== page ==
Xmas in the Trenches.
Boom of Guns on the Yser.
Christmas Day brought a hard frost and a heavy winter mist to Belgium and Northern France (says a Times correspondent). The weather did its best to produce the Christmas atmosphere, but the combatants would not take the hint. In the early hours of Christmas morning the guns began to boom on the Yser, showing that there was to be no truce. The Germans made a fierce night attack on the French and Belgian positions recently won to the north of Nieuport. The Allies, however, were ready for them, and the German marines were driven back by machine guns and rifle fire, losing many men.
The Allies then made a counter- attack in their turn, which proved successful and resulted in a little more ground being won in the dunes. There was a desultory bombardment over the Belgian front, particularly to the south of Dixmude, where the Belgians have succeeded in establishing themselves on the farther side of the Yser Canal.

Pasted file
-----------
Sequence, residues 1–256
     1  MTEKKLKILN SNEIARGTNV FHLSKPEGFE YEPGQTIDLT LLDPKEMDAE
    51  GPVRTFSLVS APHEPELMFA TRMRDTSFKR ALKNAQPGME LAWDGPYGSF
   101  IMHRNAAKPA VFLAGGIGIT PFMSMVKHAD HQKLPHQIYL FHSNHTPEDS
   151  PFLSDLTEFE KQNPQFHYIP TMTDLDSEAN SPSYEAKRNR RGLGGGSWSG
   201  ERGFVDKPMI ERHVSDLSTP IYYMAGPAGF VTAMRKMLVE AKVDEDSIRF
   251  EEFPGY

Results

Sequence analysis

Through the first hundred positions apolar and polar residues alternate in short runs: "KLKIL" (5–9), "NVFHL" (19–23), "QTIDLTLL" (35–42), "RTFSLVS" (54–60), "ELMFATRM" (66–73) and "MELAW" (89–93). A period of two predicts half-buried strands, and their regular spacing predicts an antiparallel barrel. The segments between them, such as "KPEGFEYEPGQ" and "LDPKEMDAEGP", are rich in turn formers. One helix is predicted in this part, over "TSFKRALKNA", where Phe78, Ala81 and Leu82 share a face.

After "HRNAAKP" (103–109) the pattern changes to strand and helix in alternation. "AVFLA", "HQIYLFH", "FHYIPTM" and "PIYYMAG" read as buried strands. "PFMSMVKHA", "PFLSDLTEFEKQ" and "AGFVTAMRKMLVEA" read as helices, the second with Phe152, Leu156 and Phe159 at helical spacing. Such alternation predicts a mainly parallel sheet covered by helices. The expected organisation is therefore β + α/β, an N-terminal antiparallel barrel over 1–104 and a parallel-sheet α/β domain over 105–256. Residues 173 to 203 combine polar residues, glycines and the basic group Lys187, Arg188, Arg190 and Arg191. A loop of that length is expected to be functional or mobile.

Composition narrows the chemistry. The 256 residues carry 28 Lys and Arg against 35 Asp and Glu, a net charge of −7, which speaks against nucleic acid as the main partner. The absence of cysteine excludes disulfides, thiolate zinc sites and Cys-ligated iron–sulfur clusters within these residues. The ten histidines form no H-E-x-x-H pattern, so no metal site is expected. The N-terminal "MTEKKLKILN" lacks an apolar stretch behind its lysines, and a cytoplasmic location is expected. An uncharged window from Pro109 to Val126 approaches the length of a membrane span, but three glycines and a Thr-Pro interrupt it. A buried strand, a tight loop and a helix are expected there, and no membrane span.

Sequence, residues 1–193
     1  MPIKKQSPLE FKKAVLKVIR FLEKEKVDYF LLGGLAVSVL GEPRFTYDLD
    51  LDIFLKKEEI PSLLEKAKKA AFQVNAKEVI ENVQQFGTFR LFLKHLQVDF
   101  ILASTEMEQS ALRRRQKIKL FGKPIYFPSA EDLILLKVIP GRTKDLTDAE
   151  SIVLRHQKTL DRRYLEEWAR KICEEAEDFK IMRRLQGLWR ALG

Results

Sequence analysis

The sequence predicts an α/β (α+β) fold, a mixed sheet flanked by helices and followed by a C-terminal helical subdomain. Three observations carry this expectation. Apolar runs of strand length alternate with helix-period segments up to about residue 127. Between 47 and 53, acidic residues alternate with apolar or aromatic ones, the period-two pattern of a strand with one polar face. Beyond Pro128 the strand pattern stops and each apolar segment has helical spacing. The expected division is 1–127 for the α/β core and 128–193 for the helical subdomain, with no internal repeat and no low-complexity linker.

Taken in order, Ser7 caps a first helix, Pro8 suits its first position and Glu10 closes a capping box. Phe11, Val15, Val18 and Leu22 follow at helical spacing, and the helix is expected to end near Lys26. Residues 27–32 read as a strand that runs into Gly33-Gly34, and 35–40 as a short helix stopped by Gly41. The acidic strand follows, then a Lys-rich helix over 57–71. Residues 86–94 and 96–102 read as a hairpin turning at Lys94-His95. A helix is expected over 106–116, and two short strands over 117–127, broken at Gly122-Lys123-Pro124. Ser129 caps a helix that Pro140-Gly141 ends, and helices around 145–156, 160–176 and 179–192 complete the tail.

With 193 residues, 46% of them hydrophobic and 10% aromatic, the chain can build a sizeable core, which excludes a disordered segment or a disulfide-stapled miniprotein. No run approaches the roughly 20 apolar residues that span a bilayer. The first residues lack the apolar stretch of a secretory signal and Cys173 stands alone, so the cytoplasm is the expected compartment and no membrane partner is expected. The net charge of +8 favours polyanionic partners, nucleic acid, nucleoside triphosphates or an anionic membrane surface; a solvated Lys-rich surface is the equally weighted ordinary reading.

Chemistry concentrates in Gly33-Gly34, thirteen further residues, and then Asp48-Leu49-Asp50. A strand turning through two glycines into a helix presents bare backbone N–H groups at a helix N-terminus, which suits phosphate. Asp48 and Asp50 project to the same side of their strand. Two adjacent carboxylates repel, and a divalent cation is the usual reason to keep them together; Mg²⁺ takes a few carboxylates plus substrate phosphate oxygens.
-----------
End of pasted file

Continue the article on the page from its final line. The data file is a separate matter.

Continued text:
On the British front things were quieter. Thursday had seen one of the most violent cannonades of the war, but on Friday there was only occasional shelling, and on the whole our men were able to eat their Christmas dinner in peace. For most of them there seems to have been good things in superabundance. Plum pudding was served out to all the troops, so that quite apart from private supplies from home, plum pudding was eaten wherever rations could be delivered to the trenches. The Army has been so flooded with parcels from home during the last days that men had five or six puddings to themselves. Stories of orgies which will no doubt become legendary are already current, but the gist of all the talk that one hears is that our Army did, in spite of war conditions, spend its Christmas very merrily.